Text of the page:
I’ve heard of spice on several occasions but I have never used it. As a relative new comer to the diy scene I was wondering if it could perform other calculations like input/output impedance or frequency response (for tone stacks)? Features such as these could really help a novice understand what each part of the circuit is doing as they work through the schematic in the software.

    Posted 28.11.2007 at 3:51 pm

  3. gaussmarkov said:

    Yes, you can. I have been using SPICE for those calculations to learn about such things. My plan is to share those simulations in the coming weeks. For example, I reproduced Duncan’s Tone Stack Calculator and I computed the input impedance of the DOD Overdrive 250. I was thinking of starting with the simulation of the entire OD 250 circuit.

    Thanks for asking!

    Posted 28.11.2007 at 4:44 pm

  4. gaussmarkov said:

    Freedreamer, I meant to reply earlier. I have found several of the library items that I needed among the files of the Yahoo group for LTSpice.

    Posted 28.11.2007 at 4:46 pm

  5. Blog » Blog Archive » LTSpice/SwitcherCAD III said:

    […] an introductory tutorial, go to An LTSpice Tutorial. I give a demonstration of some useful calculations in LTSpice Analysis and the DOD Overdrive […]

    Posted 01.02.2008 at 3:38 am

  6. resistance said:

    how would one calculate the equivalence resistance for a circuit? and furthermore, what does V(p001) mean?

    Posted 21.03.2008 at 2:37 am

  7. gaussmarkov said:


    there are 2 nodes (or nets) in this circuit, one connected to ground and the other to the positive terminal of the voltage source and one lead of the resistor. LTSpice creates internal labels for nodes other than ground (or the one you label yourself). “n001” is the generated label for the ungrounded node. “V(n001)” is the voltage for that node.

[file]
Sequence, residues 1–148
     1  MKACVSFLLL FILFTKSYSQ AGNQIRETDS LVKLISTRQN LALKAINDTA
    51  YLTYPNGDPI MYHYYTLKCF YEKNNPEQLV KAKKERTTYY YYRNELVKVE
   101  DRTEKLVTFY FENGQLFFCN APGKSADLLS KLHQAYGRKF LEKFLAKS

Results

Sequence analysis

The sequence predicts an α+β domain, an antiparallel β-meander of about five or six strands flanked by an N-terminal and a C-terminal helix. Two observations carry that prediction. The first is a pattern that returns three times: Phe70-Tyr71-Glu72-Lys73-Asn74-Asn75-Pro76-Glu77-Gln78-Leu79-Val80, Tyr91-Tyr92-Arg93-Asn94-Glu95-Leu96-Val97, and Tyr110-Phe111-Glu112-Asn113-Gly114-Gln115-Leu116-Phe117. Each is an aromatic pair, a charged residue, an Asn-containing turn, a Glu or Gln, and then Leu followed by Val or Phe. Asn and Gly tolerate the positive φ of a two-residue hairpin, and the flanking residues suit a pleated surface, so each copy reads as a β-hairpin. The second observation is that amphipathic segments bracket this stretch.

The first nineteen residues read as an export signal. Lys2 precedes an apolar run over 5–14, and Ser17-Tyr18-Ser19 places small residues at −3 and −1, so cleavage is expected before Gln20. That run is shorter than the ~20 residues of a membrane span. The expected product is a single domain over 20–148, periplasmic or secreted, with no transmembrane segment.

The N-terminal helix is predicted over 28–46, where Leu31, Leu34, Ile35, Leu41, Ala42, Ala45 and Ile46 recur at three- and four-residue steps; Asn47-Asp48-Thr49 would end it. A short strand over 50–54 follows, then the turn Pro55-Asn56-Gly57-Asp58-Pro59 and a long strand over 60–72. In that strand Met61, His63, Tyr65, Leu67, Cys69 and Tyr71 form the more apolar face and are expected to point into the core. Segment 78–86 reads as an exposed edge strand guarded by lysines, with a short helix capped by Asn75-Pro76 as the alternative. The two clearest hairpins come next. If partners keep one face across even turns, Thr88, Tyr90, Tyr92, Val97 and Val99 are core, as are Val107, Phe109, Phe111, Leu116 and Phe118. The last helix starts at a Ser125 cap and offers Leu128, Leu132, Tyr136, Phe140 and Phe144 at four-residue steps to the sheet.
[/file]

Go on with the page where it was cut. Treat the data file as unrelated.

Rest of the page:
to compute the Thévenin equivalent resistance between two points in LTSpice, (1) measure the voltage when the points are not connected and (2) measure the current when the points are connected. the Thévenin equivalent resistance is the ratio of the voltage over the current.

    hope this helps, paul

    Posted 21.03.2008 at 10:21 am

  8. resistance said:

    Thanks for your reply, paul.

    This is the spice netlist for the circuit i want to find the equivalent resitance for.

    * C:\Program Files\LTC\SwCADIII\Draft1.asc
    R1 0 N003 1
    R2 N001 N002 1
    R3 N002 0 1
    R4 N003 0 1
    R5 N002 N003 1
    V1 0 N001 1

    Hope you can help me check out the value for the resistance.

    Posted 22.03.2008 at 6:17 am

  9. Ron Fredericks said:

    Nice intro to LTspice/Switcher CAD III.

    I share my experience as a first time user building a 555 CMOS timer circuit in a blog post too. Perhaps your readers will be interested. Here is the link:

    Posted 06.04.2008 at 10:25 am

  10. gaussmarkov said:

    Thanks, Ron! That’s a helpful post.

    Posted 07.04.2008 at 8:33 pm

  11. Troubled said:

    How do you run the program? I recently downloaded and installed it. At the end of the installation, an icon name “scad3.exe” appeared. But on clicking it, it generated an error–not win32 executable file.


    Posted 24.04.2008 at 7:22 am

  12. gaussmarkov said:

    I run the program from a shortcut to scad3.exe created by the installation. I have never seen your problem. I’m sorry that I cannot be more helpful.

    Have you tried looking for help at the LTSpice users group on yahoo?

    Posted 24.04.2008 at 8:43 am

  13. Luke said:

    I just installed LTSpice and was wondering how to use this program with three-phase circuits.

    Posted 07.07.2008 at 8:36 am

  14. fahad said:

    very nice

    but what about relay device where to find it in the library?

    Posted 09.04.2009 at 9:23 am

  15. gino vanilla said:

    once you used the first time you’ll never go back to another else spice program:

    + 100% pure freeware
    + incredible powerful and easy rather than p$pisce
    + zero limitation

    -ugly cad [but for this exists better alternative such as mdraw]

    Posted 23.12.2009 at 3:49 am

  16. arti dwivedi said:

    sir i like this software
    but i wants to see phase portrait between voltage across two capacitor so which edit simulation we will use

    Posted 05.05.2010 at 3:07 am

  17. ‘Tone Shaping’ Between Stages said:

    […] […]

    Posted 16.02.2011 at 6:46 am